Eclypsium finds security flaws in Microsoft drivers

The cybersecurity company discovered several security issues in more than 40 drivers that had been certified by the company created by Bill Gates

Researchers at the cybersecurity company Eclypsium have discovered security flaws in more than 40 controllers – or ‘drivers’ – for computers that had already been certified by Microsoft and that could allow attackers to take full control of the operating system and its ‘firmware’, being able to extend to other system components, such as graphics cards, network adapters, hard drives and other devices.

Eclypsium has published in a statement the result of its latest security analysis that reveals the existence of more than 40 vulnerable drivers for devices from at least 20 different vendors, including the most important BIOS, and those of ‘hardware’ ASUS, Toshiba , NVIDIA and Huawei.

The ‘drivers’ or controllers are an element present in all Windows computers that act as intermediaries between the core of the operating system and the devices or components of its ‘hardware’, which are necessary, for example, to work from printers to the computer motherboard.

Due to the security flaws found, the company ensures that intruders could “read, write, or redirect the stored, displayed or sent data on the network.” In addition, they claim that as many of the controllers are precisely designed to update the ‘firmware’, it not only provides the necessary privileges to control it, but also gives access to the mechanism that allows changes to be made.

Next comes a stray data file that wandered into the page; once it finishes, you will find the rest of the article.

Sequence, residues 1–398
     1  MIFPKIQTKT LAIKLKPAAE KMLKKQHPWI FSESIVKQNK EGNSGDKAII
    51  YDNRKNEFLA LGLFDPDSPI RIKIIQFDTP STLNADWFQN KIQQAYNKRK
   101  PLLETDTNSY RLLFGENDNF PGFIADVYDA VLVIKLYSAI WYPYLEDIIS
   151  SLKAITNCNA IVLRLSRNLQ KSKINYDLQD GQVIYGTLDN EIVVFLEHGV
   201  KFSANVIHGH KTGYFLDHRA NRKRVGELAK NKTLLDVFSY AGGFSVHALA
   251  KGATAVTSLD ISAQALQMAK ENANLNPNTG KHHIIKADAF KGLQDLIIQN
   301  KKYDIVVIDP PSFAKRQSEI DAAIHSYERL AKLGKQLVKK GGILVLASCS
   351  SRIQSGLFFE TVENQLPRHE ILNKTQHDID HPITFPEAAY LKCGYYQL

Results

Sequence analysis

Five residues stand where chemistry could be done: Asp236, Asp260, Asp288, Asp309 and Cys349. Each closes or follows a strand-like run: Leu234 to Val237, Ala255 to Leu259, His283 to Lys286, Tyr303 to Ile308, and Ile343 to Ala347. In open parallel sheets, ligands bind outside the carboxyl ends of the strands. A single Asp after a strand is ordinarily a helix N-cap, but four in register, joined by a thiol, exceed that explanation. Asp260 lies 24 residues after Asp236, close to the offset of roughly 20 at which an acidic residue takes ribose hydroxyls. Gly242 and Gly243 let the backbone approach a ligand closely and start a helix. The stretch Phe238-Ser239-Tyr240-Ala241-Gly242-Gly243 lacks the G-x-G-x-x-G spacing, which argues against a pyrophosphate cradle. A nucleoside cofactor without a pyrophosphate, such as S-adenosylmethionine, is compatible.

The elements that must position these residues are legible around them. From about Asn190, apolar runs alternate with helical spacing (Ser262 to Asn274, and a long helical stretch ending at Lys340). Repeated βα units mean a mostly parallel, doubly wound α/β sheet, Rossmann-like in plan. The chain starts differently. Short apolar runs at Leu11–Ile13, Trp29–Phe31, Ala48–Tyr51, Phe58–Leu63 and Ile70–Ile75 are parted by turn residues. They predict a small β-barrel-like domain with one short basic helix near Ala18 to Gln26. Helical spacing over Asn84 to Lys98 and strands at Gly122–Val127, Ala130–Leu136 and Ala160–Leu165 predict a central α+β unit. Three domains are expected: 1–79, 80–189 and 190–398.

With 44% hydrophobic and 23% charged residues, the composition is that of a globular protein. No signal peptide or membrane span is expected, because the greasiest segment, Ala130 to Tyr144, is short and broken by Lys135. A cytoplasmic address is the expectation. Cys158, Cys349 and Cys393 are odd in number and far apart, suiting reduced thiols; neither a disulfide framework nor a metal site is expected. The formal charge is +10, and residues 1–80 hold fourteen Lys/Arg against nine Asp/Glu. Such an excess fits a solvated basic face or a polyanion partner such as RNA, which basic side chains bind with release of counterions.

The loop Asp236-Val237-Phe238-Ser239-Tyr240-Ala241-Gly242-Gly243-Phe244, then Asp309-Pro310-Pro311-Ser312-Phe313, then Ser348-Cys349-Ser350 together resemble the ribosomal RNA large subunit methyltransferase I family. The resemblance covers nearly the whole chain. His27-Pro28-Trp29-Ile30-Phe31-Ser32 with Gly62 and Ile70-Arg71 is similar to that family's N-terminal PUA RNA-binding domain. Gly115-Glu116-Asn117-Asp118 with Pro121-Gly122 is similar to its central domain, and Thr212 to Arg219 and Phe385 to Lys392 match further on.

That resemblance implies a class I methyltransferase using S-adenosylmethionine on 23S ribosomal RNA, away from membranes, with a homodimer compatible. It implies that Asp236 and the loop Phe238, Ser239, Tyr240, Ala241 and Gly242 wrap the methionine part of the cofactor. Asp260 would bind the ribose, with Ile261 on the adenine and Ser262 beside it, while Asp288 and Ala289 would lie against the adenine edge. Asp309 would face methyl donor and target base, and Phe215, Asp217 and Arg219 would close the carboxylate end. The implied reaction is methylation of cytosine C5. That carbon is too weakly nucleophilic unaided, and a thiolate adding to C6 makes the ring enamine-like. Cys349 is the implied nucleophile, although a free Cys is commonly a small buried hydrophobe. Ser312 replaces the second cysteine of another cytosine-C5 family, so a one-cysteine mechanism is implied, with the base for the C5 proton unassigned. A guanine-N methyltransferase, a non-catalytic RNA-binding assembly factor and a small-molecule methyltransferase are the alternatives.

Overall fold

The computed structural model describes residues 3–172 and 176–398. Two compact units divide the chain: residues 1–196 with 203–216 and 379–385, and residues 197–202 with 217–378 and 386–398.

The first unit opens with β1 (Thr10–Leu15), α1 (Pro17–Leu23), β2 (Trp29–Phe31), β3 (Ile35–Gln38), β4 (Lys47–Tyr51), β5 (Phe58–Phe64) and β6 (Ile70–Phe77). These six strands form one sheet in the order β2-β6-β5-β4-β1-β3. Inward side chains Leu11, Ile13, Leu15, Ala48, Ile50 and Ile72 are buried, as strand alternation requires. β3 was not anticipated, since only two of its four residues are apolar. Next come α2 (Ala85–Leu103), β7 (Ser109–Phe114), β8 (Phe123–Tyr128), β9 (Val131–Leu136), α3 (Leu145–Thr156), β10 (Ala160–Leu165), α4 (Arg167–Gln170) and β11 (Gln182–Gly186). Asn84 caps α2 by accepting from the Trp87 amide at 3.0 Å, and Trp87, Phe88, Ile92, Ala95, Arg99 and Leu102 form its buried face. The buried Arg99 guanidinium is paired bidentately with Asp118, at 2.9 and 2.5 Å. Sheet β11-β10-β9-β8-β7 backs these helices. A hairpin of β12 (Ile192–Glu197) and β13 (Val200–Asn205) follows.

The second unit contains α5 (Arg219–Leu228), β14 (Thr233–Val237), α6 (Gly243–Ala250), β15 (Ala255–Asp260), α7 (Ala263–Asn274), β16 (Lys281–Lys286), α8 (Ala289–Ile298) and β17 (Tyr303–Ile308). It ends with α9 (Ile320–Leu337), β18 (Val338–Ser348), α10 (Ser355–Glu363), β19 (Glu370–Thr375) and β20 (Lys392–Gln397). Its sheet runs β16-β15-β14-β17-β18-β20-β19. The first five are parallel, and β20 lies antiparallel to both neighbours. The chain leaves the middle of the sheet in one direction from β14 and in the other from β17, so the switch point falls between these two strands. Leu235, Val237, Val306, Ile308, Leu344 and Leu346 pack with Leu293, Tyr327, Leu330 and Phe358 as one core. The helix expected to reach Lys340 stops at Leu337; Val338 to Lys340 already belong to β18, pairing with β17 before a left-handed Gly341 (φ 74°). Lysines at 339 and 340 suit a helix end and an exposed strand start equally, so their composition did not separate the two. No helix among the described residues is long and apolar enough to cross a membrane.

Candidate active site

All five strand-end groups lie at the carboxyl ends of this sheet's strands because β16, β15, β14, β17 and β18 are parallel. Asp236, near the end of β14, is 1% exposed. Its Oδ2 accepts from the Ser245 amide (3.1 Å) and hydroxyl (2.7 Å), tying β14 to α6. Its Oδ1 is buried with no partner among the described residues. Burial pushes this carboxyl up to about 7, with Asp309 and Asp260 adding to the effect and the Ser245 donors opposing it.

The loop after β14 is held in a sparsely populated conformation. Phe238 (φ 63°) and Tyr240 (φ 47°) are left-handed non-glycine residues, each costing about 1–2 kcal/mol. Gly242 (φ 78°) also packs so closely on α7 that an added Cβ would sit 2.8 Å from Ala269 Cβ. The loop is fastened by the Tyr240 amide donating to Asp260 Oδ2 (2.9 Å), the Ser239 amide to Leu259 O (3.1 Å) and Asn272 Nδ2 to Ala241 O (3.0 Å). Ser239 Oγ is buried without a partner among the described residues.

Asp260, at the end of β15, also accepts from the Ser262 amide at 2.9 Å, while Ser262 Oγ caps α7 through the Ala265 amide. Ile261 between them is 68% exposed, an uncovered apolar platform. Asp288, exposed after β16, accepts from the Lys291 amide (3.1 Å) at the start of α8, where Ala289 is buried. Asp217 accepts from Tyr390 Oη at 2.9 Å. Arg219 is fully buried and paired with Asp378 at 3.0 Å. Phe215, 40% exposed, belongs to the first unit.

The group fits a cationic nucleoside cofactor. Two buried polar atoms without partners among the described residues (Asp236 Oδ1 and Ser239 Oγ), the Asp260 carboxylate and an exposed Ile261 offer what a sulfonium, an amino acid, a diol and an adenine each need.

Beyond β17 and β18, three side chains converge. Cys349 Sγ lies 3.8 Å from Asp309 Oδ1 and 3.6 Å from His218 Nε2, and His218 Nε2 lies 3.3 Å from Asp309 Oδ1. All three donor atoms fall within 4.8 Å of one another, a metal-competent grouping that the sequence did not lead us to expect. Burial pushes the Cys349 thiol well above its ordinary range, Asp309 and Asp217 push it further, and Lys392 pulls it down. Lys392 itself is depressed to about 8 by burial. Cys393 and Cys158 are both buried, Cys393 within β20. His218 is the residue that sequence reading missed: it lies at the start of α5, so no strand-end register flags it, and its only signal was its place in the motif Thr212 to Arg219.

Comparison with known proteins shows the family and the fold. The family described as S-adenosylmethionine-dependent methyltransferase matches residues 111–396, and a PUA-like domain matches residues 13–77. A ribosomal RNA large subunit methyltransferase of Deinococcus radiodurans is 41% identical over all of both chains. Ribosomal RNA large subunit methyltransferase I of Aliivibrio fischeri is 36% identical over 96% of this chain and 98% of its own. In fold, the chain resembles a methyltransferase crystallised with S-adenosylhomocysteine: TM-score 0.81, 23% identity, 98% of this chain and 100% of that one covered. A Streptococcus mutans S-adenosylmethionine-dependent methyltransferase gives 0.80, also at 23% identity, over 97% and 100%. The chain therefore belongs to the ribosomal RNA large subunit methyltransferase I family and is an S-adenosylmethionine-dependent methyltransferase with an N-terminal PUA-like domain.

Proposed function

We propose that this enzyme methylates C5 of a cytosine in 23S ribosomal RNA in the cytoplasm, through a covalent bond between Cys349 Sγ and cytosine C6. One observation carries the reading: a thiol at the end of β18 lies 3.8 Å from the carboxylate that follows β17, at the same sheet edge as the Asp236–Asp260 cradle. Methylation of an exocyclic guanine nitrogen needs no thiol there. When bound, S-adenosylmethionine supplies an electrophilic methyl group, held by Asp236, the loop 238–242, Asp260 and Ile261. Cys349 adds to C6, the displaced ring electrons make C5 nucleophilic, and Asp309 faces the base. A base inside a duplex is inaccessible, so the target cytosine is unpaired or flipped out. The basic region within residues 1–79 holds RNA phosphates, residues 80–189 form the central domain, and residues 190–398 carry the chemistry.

Despite this, they ensure that if a vulnerable driver is not already installed in the operating system, it needs the administrator’s permission to be installed.

The company says that “all these vulnerabilities allow the controller to act as a proxy” to provide more privileged access to the sources of ‘hardware’, such as read and write, access to the processor and the chipset space Input / Output, Model of Specific Registers (MSR), Control of Registries (CR), Debug Registers (DR), physical memory and virtual memory of the ‘kernel’.

K. Tovar

Source: Bolsamania

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